by Göran Olsson, October, 1996

Updated November 2003 (No more to sell)

[We're dealing with model racing airplanes. (In case a search engine brought you here.)]

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A replacement for TEL (tetraethyl lead) has been found which is considerably less toxic and offers improved running characteristics.

Team racing fuels have remained remarkably constant over the years while engines,  models, propellers and so on have been taken to performance levels never imagined. Oil reduction is the most striking change to the fuel.

The base formula for a T/R diesel fuel of today is:
Kerosene (aka Paraffin, Petrol) 50 - 55 %
Diethyl Ether 32 - 40 %
Castor Oil (or in part synthetic oil) 8 - 12 %
Some sort of Alkyl Nitrate, like Amyl Nitrate,
often branded "Diesel Ignition Improver"
1.1 - 2.5 %
Some kind of detergent, like Lubrizol ADX511C (formerly 52) ~.1 %

(Take the middle values and you have a good point to start from. 1/3 of the castor oil could be replaced by a good synthetic oil. You may have to experiment with the nitrate content to adjust to the engine, prop and the grade of kerosene you have. The amount of Lubrizol should also be adjusted to the kerosene grade to keep piston deposits acceptable.)

In this decade also the practice of adding TEL to the fuel has become widely adopted. The content is normally .6 - .8 milliliters of "Ethyl Fluid" (containing also other substances) per liter of fuel. This allows clean running at a higher compression setting, giving an improvement in efficiency and power.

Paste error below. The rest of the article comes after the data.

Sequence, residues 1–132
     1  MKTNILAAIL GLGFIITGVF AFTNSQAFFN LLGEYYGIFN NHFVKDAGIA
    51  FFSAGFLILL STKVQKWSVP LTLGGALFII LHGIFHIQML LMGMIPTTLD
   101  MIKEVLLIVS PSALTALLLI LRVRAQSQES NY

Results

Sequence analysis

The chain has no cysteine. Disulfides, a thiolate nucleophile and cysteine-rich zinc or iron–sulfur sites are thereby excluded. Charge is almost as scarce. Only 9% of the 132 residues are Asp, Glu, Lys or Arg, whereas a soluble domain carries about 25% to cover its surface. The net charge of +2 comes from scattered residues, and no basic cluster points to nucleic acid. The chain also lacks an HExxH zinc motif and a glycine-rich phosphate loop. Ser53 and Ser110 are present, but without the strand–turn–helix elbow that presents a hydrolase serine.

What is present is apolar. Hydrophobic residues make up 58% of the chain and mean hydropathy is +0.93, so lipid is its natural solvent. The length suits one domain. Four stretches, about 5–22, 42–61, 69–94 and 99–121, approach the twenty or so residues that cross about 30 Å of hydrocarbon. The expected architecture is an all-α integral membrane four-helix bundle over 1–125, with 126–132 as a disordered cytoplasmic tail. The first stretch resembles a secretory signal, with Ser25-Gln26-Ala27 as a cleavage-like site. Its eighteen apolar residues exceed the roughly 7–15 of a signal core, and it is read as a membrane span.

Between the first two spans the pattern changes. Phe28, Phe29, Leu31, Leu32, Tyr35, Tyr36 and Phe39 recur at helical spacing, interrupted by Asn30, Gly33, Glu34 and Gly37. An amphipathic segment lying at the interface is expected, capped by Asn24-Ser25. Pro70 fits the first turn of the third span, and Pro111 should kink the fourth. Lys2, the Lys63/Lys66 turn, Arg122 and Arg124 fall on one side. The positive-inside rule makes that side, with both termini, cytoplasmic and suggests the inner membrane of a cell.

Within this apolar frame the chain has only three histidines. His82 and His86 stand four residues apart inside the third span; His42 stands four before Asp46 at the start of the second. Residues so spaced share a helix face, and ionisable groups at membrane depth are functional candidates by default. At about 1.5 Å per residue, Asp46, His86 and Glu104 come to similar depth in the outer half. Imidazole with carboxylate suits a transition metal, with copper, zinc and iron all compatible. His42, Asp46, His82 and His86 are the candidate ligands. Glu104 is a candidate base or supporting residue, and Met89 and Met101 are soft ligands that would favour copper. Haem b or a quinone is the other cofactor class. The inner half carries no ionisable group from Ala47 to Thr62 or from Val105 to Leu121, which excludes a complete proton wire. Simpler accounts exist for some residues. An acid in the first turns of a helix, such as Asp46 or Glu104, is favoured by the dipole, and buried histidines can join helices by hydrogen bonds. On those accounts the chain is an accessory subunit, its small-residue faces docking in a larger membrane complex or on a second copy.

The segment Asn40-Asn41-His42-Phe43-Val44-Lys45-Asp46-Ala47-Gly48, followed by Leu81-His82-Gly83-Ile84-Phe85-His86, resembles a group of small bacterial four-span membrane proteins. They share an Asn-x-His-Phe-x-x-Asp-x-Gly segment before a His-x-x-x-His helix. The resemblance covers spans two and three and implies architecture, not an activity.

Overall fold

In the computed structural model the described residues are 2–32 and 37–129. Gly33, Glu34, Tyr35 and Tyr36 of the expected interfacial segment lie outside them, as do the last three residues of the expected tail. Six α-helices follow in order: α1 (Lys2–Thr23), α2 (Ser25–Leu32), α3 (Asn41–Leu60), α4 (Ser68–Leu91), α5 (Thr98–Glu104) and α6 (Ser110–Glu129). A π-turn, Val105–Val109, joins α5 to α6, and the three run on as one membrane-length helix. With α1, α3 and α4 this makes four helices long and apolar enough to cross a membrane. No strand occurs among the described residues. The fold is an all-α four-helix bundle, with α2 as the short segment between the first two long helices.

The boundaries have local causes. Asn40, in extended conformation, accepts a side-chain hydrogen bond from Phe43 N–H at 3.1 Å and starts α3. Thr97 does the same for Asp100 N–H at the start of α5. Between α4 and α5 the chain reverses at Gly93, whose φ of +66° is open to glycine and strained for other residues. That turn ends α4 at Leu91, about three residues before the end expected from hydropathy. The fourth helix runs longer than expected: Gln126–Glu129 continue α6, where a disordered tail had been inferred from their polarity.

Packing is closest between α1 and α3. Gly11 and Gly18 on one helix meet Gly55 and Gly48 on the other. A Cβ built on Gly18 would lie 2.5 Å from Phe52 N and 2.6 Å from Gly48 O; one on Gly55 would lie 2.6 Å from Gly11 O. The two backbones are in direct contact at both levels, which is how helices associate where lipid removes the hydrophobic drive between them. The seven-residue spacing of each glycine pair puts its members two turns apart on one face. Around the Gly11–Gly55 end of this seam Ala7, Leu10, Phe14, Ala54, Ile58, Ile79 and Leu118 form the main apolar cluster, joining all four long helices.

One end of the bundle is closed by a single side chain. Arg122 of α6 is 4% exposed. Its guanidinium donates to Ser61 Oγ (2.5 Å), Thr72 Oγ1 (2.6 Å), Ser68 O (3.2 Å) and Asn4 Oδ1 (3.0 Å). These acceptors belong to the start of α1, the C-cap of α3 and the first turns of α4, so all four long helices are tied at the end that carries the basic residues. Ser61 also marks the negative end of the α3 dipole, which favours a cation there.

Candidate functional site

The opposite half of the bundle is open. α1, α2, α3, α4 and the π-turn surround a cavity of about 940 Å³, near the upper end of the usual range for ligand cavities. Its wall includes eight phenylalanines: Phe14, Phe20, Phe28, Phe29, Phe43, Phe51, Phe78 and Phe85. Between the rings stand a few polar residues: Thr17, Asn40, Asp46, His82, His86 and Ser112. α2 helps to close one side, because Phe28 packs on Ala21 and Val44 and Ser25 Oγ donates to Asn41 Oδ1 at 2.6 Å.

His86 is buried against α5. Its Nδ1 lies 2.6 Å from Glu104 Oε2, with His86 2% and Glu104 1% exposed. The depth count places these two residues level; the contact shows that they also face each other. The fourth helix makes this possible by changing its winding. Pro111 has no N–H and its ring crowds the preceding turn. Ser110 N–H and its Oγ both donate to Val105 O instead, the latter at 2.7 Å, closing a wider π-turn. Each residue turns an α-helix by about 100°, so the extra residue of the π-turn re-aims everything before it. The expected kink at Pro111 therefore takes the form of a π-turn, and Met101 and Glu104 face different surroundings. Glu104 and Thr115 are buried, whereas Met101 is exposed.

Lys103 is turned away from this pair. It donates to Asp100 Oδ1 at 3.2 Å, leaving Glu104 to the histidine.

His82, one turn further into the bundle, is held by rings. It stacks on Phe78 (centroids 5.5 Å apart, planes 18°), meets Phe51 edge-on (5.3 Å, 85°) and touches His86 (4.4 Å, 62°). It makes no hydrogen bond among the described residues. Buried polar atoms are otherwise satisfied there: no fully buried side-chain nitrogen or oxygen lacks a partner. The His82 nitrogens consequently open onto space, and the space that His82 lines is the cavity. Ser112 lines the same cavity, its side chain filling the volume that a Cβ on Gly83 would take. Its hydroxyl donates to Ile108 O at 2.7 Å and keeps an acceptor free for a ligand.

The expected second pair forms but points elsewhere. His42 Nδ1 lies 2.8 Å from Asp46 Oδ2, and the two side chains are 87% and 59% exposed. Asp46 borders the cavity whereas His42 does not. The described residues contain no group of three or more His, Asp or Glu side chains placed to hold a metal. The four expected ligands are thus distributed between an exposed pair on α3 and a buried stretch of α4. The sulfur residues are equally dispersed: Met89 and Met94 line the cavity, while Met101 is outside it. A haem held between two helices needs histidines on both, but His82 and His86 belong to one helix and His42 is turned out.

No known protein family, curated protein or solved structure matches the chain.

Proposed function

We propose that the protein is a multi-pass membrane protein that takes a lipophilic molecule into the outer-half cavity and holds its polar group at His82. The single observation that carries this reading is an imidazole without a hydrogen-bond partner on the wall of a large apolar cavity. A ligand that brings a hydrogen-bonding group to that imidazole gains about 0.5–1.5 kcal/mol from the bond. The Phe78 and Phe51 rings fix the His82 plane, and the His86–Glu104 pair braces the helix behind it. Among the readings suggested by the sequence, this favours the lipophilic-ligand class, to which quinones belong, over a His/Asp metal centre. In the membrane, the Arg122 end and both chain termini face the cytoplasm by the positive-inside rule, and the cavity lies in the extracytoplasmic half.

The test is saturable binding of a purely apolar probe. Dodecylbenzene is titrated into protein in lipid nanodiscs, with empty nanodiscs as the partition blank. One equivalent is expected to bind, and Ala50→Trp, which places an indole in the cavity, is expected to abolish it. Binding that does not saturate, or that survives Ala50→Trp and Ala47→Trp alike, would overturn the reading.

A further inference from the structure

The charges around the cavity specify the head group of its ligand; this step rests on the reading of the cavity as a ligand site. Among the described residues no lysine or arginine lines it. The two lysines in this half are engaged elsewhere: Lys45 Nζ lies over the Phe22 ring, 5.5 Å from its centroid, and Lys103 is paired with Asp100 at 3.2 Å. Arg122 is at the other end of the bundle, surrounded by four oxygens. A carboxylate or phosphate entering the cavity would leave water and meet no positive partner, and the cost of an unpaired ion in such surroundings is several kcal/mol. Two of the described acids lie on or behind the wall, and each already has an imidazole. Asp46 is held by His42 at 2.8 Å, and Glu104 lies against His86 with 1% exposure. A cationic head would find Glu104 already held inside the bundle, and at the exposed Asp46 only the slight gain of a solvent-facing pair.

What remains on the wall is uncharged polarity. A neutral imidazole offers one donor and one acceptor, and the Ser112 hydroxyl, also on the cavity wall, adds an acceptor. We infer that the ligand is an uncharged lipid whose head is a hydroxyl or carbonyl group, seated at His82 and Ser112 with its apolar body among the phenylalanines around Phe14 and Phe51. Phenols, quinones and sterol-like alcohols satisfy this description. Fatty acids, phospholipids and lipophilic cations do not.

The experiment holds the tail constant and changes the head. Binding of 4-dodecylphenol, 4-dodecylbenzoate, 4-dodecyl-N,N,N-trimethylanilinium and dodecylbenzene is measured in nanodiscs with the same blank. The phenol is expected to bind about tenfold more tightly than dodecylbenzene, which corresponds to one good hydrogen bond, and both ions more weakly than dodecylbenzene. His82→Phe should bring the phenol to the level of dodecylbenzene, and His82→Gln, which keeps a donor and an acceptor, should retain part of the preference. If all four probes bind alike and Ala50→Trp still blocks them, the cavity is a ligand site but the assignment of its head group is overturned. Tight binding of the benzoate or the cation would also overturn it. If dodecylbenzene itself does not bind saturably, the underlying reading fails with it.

This was a Soviet secret for some time, but became known to the outside world around 1990. TEL, with chemical formula Pb(C2H5)4, is the compound also used as an octane number improver (anti-knock) in petrol (gasoline) for spark plug engines, until catalyzers and environmental concerns have led to its phasing out. The use here is surprising at a first glance, since octane no. of a diesel fuel is something normally not called for.

Octane no. indicates the resistance to ignite under compression for a spark plug fuel. For a diesel fuel, in contrast, cetane no. is used to indicate the willingness to ignite under compression. Alkyl nitrates are used as cetane improvers.

TEL is extremely toxic and hazardous to use, since it contains lead in a form that is readily absorbed by the body through inhalation and absorption through the skin. It is therefore totally restricted in most countries, and the T/R community has resorted to sources from the former Soviet Union.

The hazard from exposure to the finished fuel is probably small, but it is considerable when handling the concentrated TEL. Therefore the TEL use has been under debate, and its ban has been suggested. The means of enforcing this ban by a useful field test have not been found, however. Even the resort to a standard fuel in T/R has been discussed. Such a thing would to my mind severely cripple T/R.